In order to understand the impact of a project you need metrics – tools for measuring what the project has achieved. Not only does this contribute to effective management and monitoring of the project, the data collected is also extremely useful for fundraising and grant applications.
- At the beginning of the project conduct some kind of survey – a baseline – to record what the situation is in terms of your target population and beneficiaries. At the end of the project conduct an end-of-project survey asking the same or similar questions so that you can reliably compare what happened during the project.
- Target indicators should be used as markers of what you want to achieve. Both the baseline indicators and the target indicators should not only measure outputs i.e. what you produce, but also quantitative and qualitative results.
- More precisely, indicators need to focus on the achievement of the intended outcomes or the main goals of the project. For example, how do you measure that civic awareness has increased? Or that the public services are more accountable?
- Indicators should be segregated by gender, in particular in projects focusing on women, and further indicator segregation should take into account target group specificities and such as youth, elderly, minorities, persons with disabilities.
- It is important to be consistent when collecting indicator data – it is important to ensure that, compared to the baseline survey, the end-of project survey is asking the same kind of questions to the same group of people that participated in the initial baseline survey.
- The development of monitoring tools, such as a results-based performance monitoring plan including pre-/post-training surveys to track the progress of project beneficiaries, is an efficient way to collect indicators in a standardized way.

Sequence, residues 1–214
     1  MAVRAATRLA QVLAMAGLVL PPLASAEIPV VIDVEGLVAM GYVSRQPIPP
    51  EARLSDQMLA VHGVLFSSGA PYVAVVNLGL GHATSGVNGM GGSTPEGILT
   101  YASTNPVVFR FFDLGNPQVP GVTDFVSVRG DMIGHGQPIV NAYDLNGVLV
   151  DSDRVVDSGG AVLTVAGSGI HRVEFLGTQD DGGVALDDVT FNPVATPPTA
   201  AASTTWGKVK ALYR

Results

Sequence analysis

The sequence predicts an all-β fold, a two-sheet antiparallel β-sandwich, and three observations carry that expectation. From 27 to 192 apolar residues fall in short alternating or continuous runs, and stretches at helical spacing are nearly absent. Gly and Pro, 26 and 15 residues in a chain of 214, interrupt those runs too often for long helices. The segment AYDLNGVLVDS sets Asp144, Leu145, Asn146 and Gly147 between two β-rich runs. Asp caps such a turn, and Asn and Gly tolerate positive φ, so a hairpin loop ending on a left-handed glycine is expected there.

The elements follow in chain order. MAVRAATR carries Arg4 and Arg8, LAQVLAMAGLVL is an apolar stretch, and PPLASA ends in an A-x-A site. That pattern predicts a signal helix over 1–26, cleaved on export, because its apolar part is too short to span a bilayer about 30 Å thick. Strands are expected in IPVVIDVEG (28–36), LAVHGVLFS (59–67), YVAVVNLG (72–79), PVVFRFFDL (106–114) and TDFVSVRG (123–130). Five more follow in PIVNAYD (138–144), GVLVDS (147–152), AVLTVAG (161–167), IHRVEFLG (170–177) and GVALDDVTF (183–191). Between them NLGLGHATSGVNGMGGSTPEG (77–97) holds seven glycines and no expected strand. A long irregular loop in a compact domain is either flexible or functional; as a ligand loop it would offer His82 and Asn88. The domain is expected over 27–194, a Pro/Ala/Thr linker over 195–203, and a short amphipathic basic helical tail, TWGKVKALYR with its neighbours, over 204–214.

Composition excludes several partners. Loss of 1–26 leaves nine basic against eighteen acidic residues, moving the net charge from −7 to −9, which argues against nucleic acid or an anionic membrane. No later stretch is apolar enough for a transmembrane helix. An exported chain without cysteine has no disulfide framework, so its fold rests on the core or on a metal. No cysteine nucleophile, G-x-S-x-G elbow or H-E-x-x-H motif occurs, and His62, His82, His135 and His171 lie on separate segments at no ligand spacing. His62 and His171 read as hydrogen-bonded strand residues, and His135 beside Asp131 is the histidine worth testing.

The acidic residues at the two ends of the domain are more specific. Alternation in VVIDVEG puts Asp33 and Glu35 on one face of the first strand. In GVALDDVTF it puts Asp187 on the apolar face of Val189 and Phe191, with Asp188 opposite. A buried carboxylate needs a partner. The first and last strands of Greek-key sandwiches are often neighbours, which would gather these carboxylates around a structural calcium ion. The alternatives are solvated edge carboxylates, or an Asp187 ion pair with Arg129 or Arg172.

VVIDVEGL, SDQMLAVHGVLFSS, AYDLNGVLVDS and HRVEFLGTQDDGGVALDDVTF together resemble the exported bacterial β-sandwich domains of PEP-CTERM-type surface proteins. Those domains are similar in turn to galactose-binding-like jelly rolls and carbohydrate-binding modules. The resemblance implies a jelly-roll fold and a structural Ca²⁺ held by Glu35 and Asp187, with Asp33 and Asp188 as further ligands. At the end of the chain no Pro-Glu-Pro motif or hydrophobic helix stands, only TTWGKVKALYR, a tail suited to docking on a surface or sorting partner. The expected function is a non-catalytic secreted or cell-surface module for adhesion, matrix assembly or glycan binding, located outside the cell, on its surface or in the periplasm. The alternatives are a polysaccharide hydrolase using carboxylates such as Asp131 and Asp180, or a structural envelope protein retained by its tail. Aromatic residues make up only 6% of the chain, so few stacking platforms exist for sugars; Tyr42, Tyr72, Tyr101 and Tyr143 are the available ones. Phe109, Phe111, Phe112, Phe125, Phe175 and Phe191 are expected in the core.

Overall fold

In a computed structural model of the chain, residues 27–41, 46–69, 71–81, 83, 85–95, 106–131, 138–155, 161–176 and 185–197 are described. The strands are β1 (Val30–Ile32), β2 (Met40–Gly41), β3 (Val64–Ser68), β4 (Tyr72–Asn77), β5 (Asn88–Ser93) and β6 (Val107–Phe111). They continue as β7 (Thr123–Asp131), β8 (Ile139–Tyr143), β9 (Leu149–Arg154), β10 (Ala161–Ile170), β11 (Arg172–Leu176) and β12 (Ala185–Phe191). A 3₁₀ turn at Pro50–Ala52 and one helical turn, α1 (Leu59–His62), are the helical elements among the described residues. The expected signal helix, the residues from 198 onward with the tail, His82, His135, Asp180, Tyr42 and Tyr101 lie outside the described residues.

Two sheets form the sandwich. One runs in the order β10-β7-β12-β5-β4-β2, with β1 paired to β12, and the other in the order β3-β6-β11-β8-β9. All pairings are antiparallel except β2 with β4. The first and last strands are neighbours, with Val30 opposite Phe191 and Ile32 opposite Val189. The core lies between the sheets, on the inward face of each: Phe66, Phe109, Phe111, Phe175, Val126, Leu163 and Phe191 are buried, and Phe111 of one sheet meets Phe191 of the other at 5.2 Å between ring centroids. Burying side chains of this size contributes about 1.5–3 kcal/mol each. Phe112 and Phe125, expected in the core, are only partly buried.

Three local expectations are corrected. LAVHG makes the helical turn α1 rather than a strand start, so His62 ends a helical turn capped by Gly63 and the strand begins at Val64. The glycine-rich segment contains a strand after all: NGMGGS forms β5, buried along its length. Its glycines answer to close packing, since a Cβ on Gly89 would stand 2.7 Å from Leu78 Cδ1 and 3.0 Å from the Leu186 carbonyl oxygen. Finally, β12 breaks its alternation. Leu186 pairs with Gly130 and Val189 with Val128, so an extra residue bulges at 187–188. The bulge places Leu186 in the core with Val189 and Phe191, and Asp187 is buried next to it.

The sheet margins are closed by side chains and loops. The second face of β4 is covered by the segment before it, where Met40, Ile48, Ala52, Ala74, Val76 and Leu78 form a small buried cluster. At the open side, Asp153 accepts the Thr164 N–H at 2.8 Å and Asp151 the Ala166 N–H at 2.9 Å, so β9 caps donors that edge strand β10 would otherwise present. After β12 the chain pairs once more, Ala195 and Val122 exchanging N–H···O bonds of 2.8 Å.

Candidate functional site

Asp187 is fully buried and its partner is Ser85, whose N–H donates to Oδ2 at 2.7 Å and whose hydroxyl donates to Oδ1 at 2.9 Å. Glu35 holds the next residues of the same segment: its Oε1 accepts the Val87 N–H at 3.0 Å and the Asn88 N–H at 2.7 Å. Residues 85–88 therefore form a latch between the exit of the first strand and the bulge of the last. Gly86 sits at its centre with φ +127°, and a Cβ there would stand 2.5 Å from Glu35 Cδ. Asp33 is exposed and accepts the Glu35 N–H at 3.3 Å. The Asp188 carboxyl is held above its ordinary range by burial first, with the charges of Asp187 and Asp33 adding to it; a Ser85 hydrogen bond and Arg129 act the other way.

The following useful lessons come from UNDEF funded projects:
Projects should have a strong Monitoring, Evaluation and Learning system embedded in the project design with an appropriate budget to support it. There is also need for each project to have a baseline survey, mid-term evaluation and end-line evaluation on the same sample of project beneficiaries for consistence and to clearly trace results and impact.
The baseline study was well conducted and contributed to the project’s effectiveness as a training tool. It also provided needs assessment data concerning the beneficiary groups, representing marginalized communities. The data derived from the study was used to determine the issues to be addressed during the project. It also assisted in the selection of the CSOs and beneficiary groups with which the project would engage.
The grantee undertook a good internal monitoring effort to track progress of project indicators, but these indicators primarily tracked outputs. This project might have had more significant impacts but these were invisible to the evaluators. Most of the information on higher level outcomes was anecdotal and without more data, it was not possible to evaluate to which extent results were achieved.
The project did a good baseline survey before its workshops and collected disaggregated data, but the follow up survey asked a different set of questions. Although the follow up survey indicated that youth were using their training, it did not allow for comparisons against the baseline data. This could have quantified the degree of change in these individuals.